• Caleb Ewan was too fast for the rest on Stage 1 of the Santos Tour Down Under. (AAP)Source: AAP
The Santos Tour Down Under field was baking in 40-degree temperatures but Caleb Ewan was even hotter to take the stage and overall lead.
Cycling Central

17 Jan 2017 - 3:15 PM  UPDATED 18 Jan 2017 - 5:52 AM

Australian sprint ace Caleb Ewan won Tuesday's opening stage of the Tour Down Under, with baking 40-degree conditions prompting organisers to shorten the course.

The in-form Orica-Scott rider posted his fourth win of the year, beating Sky rider Danny van Poppel and Bora-Hansgrohe's Sam Bennett.

Two-time world champion Peter Sagan led out Bennett at the Lyndoch finish, but Ewan tore through on the outside for a tight win.

It is a repeat of Ewan's stage-one win a year ago at the same Barossa town.

The stage win also gave the 22-year-old the overall lead, which was also the cast at the start of last year's Tour.

As the race started to run behind schedule, the decision was taken mid-stage to cut the finishing loops at Lyndoch in the Barossa from three to two.

It shortened the stage that started in suburban Unley from 145km to 118km.

Rider rights respected in searing hot TDU stage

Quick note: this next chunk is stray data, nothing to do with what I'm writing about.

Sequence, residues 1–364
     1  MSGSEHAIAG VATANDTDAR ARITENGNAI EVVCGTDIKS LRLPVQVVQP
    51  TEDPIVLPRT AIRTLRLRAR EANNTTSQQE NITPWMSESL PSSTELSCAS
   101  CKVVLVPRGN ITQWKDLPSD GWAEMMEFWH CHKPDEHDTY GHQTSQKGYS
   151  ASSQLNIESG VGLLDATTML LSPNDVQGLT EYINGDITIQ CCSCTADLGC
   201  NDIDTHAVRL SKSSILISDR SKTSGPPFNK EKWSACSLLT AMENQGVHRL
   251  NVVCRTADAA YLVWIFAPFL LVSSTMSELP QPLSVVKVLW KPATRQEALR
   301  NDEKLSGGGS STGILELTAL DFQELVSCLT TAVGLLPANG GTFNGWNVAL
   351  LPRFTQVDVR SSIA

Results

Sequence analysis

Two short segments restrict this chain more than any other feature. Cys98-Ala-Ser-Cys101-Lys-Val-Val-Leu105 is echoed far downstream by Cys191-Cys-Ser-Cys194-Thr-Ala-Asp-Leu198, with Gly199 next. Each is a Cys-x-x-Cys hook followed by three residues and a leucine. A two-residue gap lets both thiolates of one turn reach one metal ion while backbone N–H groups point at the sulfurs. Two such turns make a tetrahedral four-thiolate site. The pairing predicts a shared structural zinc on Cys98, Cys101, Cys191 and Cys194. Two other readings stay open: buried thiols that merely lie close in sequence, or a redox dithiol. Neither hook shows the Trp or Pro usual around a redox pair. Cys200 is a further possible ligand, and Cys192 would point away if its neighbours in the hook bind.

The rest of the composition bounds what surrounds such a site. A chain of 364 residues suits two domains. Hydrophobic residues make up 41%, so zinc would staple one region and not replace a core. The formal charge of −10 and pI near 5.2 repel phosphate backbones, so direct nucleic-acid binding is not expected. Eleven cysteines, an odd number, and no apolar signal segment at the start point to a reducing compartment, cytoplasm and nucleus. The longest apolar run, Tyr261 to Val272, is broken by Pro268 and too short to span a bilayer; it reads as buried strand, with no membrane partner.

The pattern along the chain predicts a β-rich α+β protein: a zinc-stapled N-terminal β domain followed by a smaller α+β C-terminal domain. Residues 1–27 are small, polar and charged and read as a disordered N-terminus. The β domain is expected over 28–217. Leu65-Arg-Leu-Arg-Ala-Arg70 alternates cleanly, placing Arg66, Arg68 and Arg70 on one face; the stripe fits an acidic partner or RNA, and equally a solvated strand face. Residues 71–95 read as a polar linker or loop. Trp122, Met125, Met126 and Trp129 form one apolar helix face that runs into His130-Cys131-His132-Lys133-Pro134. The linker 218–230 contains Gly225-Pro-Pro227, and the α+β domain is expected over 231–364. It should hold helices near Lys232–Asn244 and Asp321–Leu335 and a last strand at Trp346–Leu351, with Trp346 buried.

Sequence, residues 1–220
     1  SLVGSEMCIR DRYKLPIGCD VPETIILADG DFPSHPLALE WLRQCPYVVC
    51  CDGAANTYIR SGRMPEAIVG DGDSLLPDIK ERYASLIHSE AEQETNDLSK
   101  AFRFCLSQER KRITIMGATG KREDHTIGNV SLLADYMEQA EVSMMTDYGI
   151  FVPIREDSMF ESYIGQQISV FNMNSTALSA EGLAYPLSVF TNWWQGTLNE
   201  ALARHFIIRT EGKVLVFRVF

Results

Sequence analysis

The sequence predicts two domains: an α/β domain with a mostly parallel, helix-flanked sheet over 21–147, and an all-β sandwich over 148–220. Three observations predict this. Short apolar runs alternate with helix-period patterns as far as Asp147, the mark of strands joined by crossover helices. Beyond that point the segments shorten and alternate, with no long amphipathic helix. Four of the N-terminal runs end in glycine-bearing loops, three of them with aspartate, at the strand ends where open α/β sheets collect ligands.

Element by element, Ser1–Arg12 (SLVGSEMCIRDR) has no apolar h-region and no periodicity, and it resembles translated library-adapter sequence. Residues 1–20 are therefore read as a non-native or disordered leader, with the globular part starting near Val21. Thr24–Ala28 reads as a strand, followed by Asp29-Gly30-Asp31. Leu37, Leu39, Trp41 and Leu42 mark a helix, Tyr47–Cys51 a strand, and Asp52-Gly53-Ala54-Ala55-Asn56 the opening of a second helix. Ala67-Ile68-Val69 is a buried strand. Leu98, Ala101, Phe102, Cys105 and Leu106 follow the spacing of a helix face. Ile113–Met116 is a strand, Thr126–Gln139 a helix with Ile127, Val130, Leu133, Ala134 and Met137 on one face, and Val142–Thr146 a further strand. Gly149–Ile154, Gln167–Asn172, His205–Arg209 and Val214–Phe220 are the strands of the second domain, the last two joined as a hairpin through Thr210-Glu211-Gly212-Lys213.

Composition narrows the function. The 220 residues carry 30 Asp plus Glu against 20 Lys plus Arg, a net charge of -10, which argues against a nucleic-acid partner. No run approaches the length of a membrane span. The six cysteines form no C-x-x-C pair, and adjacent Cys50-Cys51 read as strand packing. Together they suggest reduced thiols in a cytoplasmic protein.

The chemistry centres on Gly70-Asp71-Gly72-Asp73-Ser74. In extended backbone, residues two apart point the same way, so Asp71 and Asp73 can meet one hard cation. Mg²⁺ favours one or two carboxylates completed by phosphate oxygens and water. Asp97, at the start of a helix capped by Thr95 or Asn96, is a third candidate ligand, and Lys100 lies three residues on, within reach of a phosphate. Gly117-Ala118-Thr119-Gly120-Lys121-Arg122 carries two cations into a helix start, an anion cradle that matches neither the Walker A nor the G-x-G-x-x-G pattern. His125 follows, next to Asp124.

The opening stage of the Tour Down Under was shortened on Tuesday at the peaceable request of the peloton that laboured in temperatures exceeding 40 degrees Celsius.

Belgian rider Laurens De Vreese (Astana) attacked at the start of the stage and the peloton was happy to let him go.

The peloton predictably caught him inside the last 20km.

Belgian Jan Bakelants (Ag2r) then attacked, his jersey coated in salt as he gained about 30 seconds.

But he too was caught before 1km to go as the sprinters' teams drove the pace.

Orica-Scott team director Matt White said on Tuesday morning that the Australian team had drilled into their riders the need to stay hydrated properly during Tuesday's stage.

Conditions are expected to be milder for Wednesday's decisive stage through the Adelaide Hills.

"It's going to hurt the Europeans today - it's going to hurt a lot of guys," White said of the oven-like conditions.

"All the guys have had pretty mild conditions since they've been in Adelaide and this is going to be a long day in the office.

"We've stressed with our guys that if you make a mistake with hydration and you cook yourself today, you'll be paying for it for days - and tomorrow is a crucial day."